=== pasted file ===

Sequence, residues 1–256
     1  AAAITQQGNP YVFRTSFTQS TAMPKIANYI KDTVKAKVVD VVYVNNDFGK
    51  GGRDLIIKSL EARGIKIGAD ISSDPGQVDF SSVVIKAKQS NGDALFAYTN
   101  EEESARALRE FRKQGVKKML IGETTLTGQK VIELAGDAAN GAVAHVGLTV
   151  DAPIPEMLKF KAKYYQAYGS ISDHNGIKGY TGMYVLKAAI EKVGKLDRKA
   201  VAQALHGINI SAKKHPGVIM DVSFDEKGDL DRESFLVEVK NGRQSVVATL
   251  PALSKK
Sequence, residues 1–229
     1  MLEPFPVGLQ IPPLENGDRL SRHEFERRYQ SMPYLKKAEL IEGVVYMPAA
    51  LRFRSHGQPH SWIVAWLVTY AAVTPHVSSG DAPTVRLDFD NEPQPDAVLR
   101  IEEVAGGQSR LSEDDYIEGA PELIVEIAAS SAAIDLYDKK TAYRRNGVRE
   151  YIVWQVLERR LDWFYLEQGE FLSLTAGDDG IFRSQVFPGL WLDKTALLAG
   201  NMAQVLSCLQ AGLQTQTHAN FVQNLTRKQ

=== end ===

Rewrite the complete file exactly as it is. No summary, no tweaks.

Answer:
Sequence, residues 1–256
     1  AAAITQQGNP YVFRTSFTQS TAMPKIANYI KDTVKAKVVD VVYVNNDFGK
    51  GGRDLIIKSL EARGIKIGAD ISSDPGQVDF SSVVIKAKQS NGDALFAYTN
   101  EEESARALRE FRKQGVKKML IGETTLTGQK VIELAGDAAN GAVAHVGLTV
   151  DAPIPEMLKF KAKYYQAYGS ISDHNGIKGY TGMYVLKAAI EKVGKLDRKA
   201  VAQALHGINI SAKKHPGVIM DVSFDEKGDL DRESFLVEVK NGRQSVVATL
   251  PALSKK
Sequence, residues 1–229
     1  MLEPFPVGLQ IPPLENGDRL SRHEFERRYQ SMPYLKKAEL IEGVVYMPAA
    51  LRFRSHGQPH SWIVAWLVTY AAVTPHVSSG DAPTVRLDFD NEPQPDAVLR
   101  IEEVAGGQSR LSEDDYIEGA PELIVEIAAS SAAIDLYDKK TAYRRNGVRE
   151  YIVWQVLERR LDWFYLEQGE FLSLTAGDDG IFRSQVFPGL WLDKTALLAG
   201  NMAQVLSCLQ AGLQTQTHAN FVQNLTRKQ